Can Cannabis Be Clinically Used For PTSD? New Research Dives In

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A Scottsdale Research Institute study concluded that cannabis could treat PTSD and be a good substitute for opioids. Another 2018 research reviewed five studies on the use of pot for PTSD. Of the studies analyzed, three said cannabis could benefit PTSD symptoms. Furthermore, a Molecular Psychiatry report discussed how certain compounds found in weed could benefit those suffering from post-traumatic stress disorder.

Cannabis contains CBD and THC of which the latter has psychoactive properties. However, both can interact with the body’s endocannabinoid system and relieve users of stress. Now a new study by the University College London says that while many use cannabis for PTSD, it is not backed by ample evidence. The Journal of Dual Diagnosis has published this systematic review.

Cannabis For Post-Traumatic Stress Disorder

Post-traumatic stress disorder is a mental ailment in which the sufferer keeps reliving the traumatic event in the form of memories and nightmares. The condition also includes becoming hyperactive and experiencing insomnia. For the treatment of this illness, doctors recommend talk therapy as well as prescription meds. However, talk therapy doesn’t work for everyone and some may not have a chance to avail it.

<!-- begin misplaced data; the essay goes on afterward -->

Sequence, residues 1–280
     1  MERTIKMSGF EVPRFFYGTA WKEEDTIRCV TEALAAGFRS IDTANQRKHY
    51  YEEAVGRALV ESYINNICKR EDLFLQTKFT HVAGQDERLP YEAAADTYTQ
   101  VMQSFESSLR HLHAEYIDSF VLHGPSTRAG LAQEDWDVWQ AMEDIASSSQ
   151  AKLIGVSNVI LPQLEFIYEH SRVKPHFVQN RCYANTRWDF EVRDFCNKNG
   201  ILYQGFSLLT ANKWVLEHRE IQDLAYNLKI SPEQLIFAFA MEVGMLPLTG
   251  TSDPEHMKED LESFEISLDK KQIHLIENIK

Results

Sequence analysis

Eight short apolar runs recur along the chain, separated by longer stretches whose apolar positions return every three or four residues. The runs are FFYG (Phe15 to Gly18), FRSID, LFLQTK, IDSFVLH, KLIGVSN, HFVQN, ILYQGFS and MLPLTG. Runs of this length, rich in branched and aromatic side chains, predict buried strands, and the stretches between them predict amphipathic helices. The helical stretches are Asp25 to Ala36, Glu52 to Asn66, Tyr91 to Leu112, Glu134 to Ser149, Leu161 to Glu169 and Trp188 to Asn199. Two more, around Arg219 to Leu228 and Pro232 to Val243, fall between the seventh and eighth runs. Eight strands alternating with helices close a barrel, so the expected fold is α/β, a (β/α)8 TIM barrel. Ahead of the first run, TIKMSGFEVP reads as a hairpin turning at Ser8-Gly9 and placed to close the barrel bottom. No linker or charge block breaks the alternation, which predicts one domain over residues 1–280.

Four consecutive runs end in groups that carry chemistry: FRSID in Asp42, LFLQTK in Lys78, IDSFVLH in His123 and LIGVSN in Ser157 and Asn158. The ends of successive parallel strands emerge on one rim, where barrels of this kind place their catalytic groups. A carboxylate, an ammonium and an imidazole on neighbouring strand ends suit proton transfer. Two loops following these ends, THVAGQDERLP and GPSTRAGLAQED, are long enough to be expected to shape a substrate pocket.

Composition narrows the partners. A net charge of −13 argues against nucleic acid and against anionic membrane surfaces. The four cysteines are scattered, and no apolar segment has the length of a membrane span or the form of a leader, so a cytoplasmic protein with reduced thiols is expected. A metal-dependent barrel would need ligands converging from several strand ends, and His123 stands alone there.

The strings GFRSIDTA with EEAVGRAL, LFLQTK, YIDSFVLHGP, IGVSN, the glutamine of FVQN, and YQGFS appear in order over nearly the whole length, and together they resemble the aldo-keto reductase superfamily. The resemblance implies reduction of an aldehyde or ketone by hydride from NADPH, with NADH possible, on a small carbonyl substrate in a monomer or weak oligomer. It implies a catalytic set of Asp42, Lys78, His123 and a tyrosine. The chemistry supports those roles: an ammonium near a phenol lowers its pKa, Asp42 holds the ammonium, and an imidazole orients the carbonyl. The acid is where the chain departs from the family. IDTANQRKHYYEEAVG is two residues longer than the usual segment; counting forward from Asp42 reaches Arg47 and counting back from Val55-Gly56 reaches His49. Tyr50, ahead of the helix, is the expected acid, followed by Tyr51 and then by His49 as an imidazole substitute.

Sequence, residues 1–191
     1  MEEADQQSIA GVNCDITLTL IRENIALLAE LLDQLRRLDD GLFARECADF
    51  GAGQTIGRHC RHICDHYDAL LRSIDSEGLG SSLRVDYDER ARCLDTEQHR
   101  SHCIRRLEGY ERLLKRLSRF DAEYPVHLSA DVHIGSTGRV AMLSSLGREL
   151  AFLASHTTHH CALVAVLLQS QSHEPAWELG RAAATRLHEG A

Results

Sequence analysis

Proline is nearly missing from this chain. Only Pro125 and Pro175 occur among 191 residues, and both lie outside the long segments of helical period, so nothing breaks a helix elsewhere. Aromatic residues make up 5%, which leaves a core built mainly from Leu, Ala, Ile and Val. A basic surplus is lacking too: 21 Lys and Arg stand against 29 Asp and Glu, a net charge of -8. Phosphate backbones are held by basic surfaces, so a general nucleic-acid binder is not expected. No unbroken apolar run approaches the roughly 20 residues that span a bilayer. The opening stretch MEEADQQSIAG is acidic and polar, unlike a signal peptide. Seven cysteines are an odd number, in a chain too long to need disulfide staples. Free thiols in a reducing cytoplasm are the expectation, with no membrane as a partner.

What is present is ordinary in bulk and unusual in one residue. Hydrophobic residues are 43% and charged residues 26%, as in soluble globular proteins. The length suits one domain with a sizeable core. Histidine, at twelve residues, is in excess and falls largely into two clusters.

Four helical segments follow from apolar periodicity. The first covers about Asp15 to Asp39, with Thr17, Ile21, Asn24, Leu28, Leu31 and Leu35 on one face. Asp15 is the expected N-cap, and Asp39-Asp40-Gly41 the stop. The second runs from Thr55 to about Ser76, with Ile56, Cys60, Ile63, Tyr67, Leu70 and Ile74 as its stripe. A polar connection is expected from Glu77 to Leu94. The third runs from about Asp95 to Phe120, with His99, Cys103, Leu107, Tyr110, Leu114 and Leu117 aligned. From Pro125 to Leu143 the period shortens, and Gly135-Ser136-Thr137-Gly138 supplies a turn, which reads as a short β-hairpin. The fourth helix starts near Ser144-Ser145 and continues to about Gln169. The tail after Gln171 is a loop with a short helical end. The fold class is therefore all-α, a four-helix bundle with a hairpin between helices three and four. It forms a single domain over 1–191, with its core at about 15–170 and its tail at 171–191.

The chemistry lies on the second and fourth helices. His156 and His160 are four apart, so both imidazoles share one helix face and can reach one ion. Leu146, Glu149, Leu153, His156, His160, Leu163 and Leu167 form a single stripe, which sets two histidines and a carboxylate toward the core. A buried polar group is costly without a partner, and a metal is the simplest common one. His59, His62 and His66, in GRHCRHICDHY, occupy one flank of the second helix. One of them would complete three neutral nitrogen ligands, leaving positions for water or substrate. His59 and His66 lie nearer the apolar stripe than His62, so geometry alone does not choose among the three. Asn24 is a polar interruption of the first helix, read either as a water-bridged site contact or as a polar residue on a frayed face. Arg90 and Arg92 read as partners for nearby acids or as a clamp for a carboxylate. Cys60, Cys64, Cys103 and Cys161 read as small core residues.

As for OTC drugs for PTSD, again those don’t work for everyone and may even have debilitating side effects. Keeping this in view, it is crucial to look for better treatment routes. That said, a lot of Americans are choosing cannabis for the purpose. In fact, in several states that approve the use of cannabis, cannabinoids are permitted for the medical treatment of PTSD.

This new research work concluded that cannabinoids are promising for improving sleep and reducing nightmares. However, there is a requirement of more scientific backing to see if or not cannabis should become a part of clinical practice. The use of cannabis for PTSD is particularly more explored by military veterans.

Several of these are either getting prescriptions for cannabis use or simply self-medicating. Elaborating further on this, the lead author of the study Dr Chandni Hindocha said, “The lack of evidence supporting cannabis as a PTSD treatment is striking given the vast interest in it, and the large unmet need for better PTSD treatments.”

An Evaluation Of Cannabis Use For PTSD

This study reviewed 10 research works. These included people with a diagnosis with PTSD who consumed cannabinoids for the purpose. Participants of the studies used cannabinoids such as THC and CBD in oil or capsule form and some even smoked pot. Scientists concluded that there is still more to know about the effectiveness and risks associated to long-term cannabis use. The existing reports show that cannabis may help improve sleep quality and reduce nightmares.

However, due to lacking evidence cannabinoids cannot be clinically recommended for PTSD. There is a need for more research on the topic. Researchers so far have conducted studies on military veterans. They must also look at the effects of cannabis on PTSD among other groups. There are limited studies on medical cannabis due to legal restrictions.

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